Grass-roots project aims to wean Oklahomans off oil addiction

July 21, 2009
Heide Brandes
Oklahoma City has an addiction.

It’s one that the rest of the nation shares, one that’s hard to shake and one that, as with other addictions, may be assisted by a structured, 12-step program.

This particular problem invades a resident’s life when that person is traveling, dressing, working in the garden, cooking or exercising – basically, doing anything.

“More and more people are aware that we have a problem with oil addiction in the United States,” says Shauna Struby, co-chair of Transition Town OKC, a new collaborative group in Oklahoma City. “The days of cheap and easy energy are over, and we now know that oil is a finite resource, yet 40% of our energy needs are met by oil. If demand is higher, but supply is dwindling and production is dwindling, then we’re facing a future with less energy.”

According to the U.S. Department of Energy’s Hirsch report, the U.S. will have “an unprecedented risk management problem” from the decline in world oil production. Because the United States is so dependent on oil for transportation, agriculture and industry that “a decline in world oil production will cause increased oil price volatility and result in severe economic, political and social costs,” the report concludes.

However, it’s not all doom and gloom, and Transition Town OKC is anxious to show that the future could be brighter than imagined.

“We’re fortunate that we have options,” Struby says. “We do have renewable resources like sun, wind and bioenergy. None of them are used as densely as oil. Oil was a gift, and we were fortunate to have it, but it’s time to look at new options.”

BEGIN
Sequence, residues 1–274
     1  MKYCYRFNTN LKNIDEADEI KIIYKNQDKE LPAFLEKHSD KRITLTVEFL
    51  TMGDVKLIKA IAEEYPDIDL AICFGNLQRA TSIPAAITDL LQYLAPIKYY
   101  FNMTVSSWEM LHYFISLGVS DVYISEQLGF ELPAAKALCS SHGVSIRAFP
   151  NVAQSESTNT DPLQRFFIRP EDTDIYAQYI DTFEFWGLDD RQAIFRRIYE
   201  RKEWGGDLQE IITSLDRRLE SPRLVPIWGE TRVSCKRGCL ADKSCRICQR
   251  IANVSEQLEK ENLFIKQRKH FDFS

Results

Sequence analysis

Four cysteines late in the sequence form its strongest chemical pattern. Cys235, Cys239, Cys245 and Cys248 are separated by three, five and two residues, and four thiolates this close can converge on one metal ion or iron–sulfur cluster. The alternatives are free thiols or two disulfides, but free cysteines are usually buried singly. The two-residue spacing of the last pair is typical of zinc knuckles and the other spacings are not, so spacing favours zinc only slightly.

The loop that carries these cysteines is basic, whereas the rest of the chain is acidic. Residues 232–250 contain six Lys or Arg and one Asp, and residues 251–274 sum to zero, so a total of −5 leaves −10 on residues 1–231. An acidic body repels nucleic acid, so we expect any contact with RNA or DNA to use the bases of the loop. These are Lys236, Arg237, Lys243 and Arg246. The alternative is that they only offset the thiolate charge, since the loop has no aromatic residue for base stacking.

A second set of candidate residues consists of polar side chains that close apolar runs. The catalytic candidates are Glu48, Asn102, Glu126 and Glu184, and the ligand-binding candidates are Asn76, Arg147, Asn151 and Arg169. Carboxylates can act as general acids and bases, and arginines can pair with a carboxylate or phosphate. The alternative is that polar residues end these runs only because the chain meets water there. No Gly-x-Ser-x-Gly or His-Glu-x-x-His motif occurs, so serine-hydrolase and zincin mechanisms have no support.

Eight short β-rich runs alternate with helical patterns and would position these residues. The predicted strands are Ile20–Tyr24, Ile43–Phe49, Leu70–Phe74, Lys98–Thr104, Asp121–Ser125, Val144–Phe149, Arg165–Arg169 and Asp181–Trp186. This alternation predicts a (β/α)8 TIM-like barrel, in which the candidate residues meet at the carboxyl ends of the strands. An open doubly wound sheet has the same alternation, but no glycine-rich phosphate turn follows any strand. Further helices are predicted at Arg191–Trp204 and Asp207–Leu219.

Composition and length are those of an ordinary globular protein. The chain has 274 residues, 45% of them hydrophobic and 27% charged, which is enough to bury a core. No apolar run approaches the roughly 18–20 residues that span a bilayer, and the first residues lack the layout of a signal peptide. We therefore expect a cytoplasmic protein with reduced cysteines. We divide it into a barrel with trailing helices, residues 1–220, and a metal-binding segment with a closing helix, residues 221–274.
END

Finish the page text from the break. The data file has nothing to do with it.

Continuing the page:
Transition Town OKC is a new group and a project of Sustainable OKC. With more than 30 people involved, the idea is to take the collective genius of the population to create a move from oil dependency to alternative energy. Each city has different needs; thus, each city needs different plans.

“We need to decide on our own path to energy security and local resilience. Transition Town OKC aims to act as a catalyst for our community to explore its own solutions to the energy challenges we face,” Struby says. “Oil is so intertwined with our society that it’s hard to find anything in your house that’s not made of oil. One of the solutions for change is to use less energy and be more thoughtful on what we use.”

However, Transition Town OKC doesn’t want to preach or paint a future of damnation.

“Our goal is to empower communities to make their own plans of transition. A neighborhood can make their own plans to address energy. This is about getting people the information they need to make a plan for their own communities,” Struby says. “Most people understand we are addicted to oil, but they don’t understand how deeply we are.”

Transition Town OKC uses the same model as other addiction programs to address the problem – a 12-step plan.

“Our goal is that in 150 years, we have a clean and absolutely renewable source of energy,” Struby says.

Transition Town is a national movement, and in Oklahoma City, anywhere from 10 to 20 people meet monthly to discuss the initiative. Christine Patton, co-chair on the Transition Town OKC project, is one of those members.

“The meetings are very open, and the goal of the meetings is to move forward with what we are trying to do with Transition Town,” she says.

The group is spreading the word, having presented information to such groups as The Sierra Club and the Unitarian Earth Day.

“So far, people understand fairly quickly that oil is finite, but they are not aware of the scope of the problem. For instance, there is an exaggerated sense of how much energy we get from wind and solar. That’s only one-third of 1% of our energy supply,” Patton says.

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